Astronomy and Astrophysics, volume 561A, 79-79 (2014/1-1)
A census of stellar mass in ten massive haloes at z ∼ 1 from the GCLASS Survey.
VAN DER BURG R.F.J., MUZZIN A., HOEKSTRA H., WILSON G., LIDMAN C. and YEE H.K.C.
Abstract (from CDS):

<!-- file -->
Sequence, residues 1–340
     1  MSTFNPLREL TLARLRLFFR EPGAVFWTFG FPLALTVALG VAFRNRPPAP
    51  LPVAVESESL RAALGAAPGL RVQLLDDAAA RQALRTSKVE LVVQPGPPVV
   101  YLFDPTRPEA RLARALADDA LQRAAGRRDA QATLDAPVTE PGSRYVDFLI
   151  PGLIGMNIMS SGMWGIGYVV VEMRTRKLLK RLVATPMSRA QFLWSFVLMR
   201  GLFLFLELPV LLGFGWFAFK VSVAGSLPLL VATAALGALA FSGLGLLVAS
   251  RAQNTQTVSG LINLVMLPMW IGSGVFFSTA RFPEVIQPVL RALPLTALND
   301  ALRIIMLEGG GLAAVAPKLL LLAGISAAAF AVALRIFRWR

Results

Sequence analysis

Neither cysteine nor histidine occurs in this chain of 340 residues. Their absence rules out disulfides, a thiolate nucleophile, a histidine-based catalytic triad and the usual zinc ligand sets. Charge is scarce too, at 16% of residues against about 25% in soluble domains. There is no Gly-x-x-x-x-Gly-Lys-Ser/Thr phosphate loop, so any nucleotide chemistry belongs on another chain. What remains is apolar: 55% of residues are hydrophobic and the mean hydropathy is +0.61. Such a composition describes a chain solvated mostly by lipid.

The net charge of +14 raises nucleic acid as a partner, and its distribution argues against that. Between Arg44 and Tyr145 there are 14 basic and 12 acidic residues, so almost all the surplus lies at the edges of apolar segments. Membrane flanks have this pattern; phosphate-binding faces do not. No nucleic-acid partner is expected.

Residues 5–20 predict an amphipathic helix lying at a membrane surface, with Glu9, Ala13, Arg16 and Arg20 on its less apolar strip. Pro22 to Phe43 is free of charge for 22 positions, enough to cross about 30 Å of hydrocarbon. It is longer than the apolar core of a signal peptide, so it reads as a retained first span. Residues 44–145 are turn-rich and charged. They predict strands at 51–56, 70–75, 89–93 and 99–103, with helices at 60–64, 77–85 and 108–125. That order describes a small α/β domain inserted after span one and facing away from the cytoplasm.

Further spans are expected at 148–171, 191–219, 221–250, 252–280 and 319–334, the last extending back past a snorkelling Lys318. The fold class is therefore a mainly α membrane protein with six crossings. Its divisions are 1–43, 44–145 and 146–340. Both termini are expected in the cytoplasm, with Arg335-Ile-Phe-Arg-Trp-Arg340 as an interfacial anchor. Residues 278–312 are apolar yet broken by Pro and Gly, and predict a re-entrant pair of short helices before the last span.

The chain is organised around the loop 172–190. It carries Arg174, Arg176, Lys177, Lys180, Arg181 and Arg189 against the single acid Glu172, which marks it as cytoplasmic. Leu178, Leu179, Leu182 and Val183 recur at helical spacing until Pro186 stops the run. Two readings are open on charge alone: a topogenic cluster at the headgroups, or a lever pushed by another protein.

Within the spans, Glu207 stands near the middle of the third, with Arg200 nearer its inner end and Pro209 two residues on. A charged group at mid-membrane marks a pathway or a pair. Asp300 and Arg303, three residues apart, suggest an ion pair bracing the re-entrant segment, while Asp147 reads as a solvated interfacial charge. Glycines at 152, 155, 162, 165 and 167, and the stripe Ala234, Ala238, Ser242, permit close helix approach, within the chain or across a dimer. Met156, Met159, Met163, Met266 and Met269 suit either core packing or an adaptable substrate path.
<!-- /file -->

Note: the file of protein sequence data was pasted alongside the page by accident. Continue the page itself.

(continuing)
We study the stellar mass content of massive haloes in the redshift range 0.86 < z < 1.34, by measuring (1) the stellar mass in the central galaxy versus total dynamical halo mass; (2) the total stellar mass (including satellites) versus total halo mass; and (3) the radial stellar mass and number density profiles for the ensemble halo. We use a Ks-band selected catalogue for the 10 clusters in the Gemini Cluster Astrophysics Spectroscopic Survey (GCLASS), with photometric redshifts and stellar masses measured from 11-band SED fitting. Combining the photometric catalogues with the deep spectroscopic component of GCLASS, we correct the cluster galaxy sample for interlopers. We also perform a dynamical analysis of the cluster galaxies to estimate the halo mass M200 for each cluster based on a measurement of its velocity dispersion. (1) We find that the central galaxy stellar mass fraction decreases with total halo mass and that this is in reasonable, quantitative agreement with measurements from abundance matching studies at z∼1. (2) The total stellar mass fractions of these systems decrease with halo mass, indicating that lower mass systems are more efficient at transforming baryons into stars. We find the total stellar mass to be a good proxy for total halo mass, with a small intrinsic scatter. When we compare these results from GCLASS with literature measurements, we find that the stellar mass fraction at fixed halo mass shows no significant evolution in the range 0 < z < 1. (3) We measure a relatively high NFW concentration parameter cg ∼7 for the stellar mass distribution in these clusters, and debate a possible scenario for explaining the evolution of the stellar mass distribution from the GCLASS sample to their likely descendants at lower redshift. The stellar mass measurements in the z∼1 haloes provided by GCLASS puts constraints on the stellar mass assembly history of clusters observed in the local Universe. A simple model shows that the stellar mass content of GCLASS can evolve in typical distributions observed at lower redshifts if the clusters primarily accrete stellar mass onto the outskirts.